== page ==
Wellness Wednesday: Fall, Flu, and You

Exciting things happen as summer comes to a close! Football is on Thursday through Monday, school is back in session, the leaves start to change, the weather gets colder, and it’s finally fall! With the lovely fall season comes some serious issues, like the flu. Sure, spring is nice for the warmer weather but the allergies?

NO, thank you!

The autumn temperatures bring cooler weather and less pollen to irritate the airways but it also brings the dreaded stuffy and runny nose. What are the indications of the flu. you ask? Well, let me tell ya! Flu symptoms may include:

  • High fever
  • Headache
  • Dry cough
  • Sore throat
  • Vomiting
  • Nasal congestion
  • Fatigue
  • Body aches
  • Chills
  • Dehydration

In anticipation of the upcoming peak flu months of November through March, here are a few tips on how to ‘Fake 23 Blast’ those germs away just in time for kickoff!

 

Get The Flu Shot

One of the best ways to prevent getting sick this autumn is to get vaccinated. The Centers for Disease Control and Prevention (CDC) recommends that everyone over the age of 6 months get an annual flu vaccination. The flu shots protect against several different strains on the flu so you can cover a majority of your basis first hand. Talk to your doctor about which flu shot if right for you and your family before getting one.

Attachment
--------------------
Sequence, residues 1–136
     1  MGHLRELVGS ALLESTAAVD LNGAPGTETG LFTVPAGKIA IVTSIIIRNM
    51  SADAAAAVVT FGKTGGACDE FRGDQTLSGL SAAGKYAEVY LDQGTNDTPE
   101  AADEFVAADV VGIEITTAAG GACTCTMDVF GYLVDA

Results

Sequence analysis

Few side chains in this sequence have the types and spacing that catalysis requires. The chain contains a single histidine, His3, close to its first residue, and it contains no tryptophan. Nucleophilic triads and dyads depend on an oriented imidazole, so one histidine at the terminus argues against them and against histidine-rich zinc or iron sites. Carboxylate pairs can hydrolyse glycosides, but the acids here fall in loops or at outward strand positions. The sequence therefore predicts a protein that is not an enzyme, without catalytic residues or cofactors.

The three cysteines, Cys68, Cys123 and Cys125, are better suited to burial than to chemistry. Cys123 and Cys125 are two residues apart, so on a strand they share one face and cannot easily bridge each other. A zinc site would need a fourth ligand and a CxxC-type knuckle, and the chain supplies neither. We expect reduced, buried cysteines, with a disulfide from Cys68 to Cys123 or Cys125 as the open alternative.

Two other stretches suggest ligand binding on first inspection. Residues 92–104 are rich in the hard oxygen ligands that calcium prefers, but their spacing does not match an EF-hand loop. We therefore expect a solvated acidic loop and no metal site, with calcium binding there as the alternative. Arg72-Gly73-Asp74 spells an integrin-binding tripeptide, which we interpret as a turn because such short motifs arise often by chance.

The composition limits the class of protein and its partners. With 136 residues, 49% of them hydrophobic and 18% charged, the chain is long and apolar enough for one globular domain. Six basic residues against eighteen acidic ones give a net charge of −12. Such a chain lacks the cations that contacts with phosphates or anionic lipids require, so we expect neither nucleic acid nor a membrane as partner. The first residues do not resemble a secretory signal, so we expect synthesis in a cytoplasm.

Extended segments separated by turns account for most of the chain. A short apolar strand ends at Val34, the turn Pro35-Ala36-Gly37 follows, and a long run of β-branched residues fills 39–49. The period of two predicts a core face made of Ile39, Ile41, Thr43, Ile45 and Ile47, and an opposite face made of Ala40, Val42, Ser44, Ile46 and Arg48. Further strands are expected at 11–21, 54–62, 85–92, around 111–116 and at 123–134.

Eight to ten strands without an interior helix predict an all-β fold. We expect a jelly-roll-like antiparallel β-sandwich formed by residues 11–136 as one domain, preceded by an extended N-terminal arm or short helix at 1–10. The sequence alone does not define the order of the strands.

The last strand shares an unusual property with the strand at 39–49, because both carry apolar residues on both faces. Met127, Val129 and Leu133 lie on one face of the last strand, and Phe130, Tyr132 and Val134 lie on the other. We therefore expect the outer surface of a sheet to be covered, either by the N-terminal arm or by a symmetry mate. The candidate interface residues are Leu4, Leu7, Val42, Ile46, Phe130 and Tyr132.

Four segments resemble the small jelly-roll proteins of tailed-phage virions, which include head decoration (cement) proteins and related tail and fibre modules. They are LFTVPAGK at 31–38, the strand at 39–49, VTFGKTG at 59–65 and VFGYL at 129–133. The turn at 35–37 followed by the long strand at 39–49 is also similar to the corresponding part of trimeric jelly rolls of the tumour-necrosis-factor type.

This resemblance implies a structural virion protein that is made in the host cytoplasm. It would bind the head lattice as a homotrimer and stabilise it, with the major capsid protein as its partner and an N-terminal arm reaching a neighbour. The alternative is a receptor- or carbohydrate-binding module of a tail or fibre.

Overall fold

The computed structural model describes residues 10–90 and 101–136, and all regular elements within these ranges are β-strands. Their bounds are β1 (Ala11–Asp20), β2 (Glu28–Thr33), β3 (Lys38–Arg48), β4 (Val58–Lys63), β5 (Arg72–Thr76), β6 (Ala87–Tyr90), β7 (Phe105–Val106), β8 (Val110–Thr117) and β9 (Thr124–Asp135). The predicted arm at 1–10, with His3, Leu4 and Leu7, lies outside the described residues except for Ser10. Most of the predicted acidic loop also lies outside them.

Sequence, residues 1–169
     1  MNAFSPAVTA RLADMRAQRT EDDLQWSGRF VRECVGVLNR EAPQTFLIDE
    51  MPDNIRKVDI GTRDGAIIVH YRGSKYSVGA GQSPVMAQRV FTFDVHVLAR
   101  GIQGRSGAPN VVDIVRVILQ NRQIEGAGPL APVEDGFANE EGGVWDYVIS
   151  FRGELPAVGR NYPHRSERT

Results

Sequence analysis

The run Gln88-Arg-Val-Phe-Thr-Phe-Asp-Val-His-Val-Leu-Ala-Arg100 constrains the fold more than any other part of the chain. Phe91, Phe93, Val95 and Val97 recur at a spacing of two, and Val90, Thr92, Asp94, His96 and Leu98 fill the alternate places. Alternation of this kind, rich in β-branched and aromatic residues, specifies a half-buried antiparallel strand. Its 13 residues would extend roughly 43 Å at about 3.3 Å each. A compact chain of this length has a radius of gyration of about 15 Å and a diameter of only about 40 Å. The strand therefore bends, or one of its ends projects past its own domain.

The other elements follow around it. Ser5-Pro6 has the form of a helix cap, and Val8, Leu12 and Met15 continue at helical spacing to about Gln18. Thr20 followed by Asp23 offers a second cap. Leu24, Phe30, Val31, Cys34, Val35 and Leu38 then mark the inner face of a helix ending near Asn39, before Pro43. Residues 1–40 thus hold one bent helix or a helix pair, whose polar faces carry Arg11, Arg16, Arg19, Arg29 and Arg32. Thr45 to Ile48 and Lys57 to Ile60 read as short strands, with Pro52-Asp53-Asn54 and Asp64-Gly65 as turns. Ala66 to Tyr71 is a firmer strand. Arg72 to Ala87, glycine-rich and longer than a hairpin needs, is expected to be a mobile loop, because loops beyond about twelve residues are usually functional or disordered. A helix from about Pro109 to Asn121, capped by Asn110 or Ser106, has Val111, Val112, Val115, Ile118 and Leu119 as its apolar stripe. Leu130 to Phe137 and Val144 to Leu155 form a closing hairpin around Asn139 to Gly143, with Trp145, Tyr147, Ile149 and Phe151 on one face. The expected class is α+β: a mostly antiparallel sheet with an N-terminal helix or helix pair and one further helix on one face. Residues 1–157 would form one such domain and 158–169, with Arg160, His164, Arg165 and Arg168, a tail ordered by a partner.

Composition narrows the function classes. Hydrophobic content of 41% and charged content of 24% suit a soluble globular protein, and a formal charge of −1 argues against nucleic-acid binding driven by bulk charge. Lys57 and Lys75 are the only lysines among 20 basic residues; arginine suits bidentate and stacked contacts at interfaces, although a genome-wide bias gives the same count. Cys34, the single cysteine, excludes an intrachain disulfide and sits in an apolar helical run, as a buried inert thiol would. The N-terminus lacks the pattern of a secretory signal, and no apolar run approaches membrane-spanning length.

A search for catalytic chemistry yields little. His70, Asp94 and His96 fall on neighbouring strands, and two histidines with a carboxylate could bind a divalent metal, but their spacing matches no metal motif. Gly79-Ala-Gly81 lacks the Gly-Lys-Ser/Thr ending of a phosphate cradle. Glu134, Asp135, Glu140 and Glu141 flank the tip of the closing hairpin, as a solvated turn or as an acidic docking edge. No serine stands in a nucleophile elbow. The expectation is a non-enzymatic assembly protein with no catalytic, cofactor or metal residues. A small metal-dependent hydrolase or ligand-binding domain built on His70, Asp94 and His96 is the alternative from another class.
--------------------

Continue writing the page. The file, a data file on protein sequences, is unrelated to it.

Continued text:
Exercise!

It’s no secret that exercise keeps our immune system strong and keeps up focused. When we’re getting a sweat in, our white blood cells are working harder than ever. You may have heard that it’s the worst idea EVER to workout when you’re feeling cruddy. The truth is, exercise speeds up recovery from illness AND boosts your immune system. When you feel the sniffles coming on, it’s time to hit the weight rack!

 

Practice Good Health Habits

The next best thing, besides getting a flu shot, is practicing healthy habits. I know, it sounds easy but you’d be surprised! A single doorknob has the potential to spread a virus to 40-60% of people that come into contact with it within the first two hours of contamination. Avoiding close contact with those who are sick, using a tissue or your arm to cover up if you sneeze or cough, regularly washing hands, and regularly cleaning surfaces can help prevent the flu and flu-like symptoms.

 

Keep Your Hands Away From Your Face

Do you know where your hands have been?! We can wash and scrub all we want but bacteria still manages to find its way under our fingers. Try to keep your hands away from your mouth, eyes, and nose throughout the day. Germs are spread most often when someone touches something that’s been contaminated then touches their face in some way. Next time you feel the urge to itch your nose, break out the hand-sanitizer first!

 

Sleep Like It’s Your Job

I bet you never thought you’d hear that! Getting enough sleep is crucial to feeling our best and imperative to our immune system. Curling up with a cup of tea and taking time to de-stress could prove wonders to your health. The average amount of sleep an adult should get every night is 6-8 hours. A couple dabs of lavender oil on the wrists, behind the ears, or on the temples can help you drift off to dreamland and even a healthier you.